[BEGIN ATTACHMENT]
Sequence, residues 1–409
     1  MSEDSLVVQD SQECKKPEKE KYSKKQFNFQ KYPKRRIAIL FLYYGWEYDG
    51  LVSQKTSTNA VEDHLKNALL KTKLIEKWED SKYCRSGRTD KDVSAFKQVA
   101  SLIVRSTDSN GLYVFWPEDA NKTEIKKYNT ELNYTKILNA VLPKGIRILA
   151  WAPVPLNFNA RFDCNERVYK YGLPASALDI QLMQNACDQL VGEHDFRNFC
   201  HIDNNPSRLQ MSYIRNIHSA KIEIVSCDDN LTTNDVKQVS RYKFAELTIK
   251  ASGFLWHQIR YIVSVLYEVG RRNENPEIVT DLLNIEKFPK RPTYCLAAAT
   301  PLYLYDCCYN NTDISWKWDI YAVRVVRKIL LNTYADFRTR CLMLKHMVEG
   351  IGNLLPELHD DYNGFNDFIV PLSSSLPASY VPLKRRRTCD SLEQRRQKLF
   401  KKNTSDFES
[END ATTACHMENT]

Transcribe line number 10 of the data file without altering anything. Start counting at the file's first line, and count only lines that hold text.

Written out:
   401  KKNTSDFES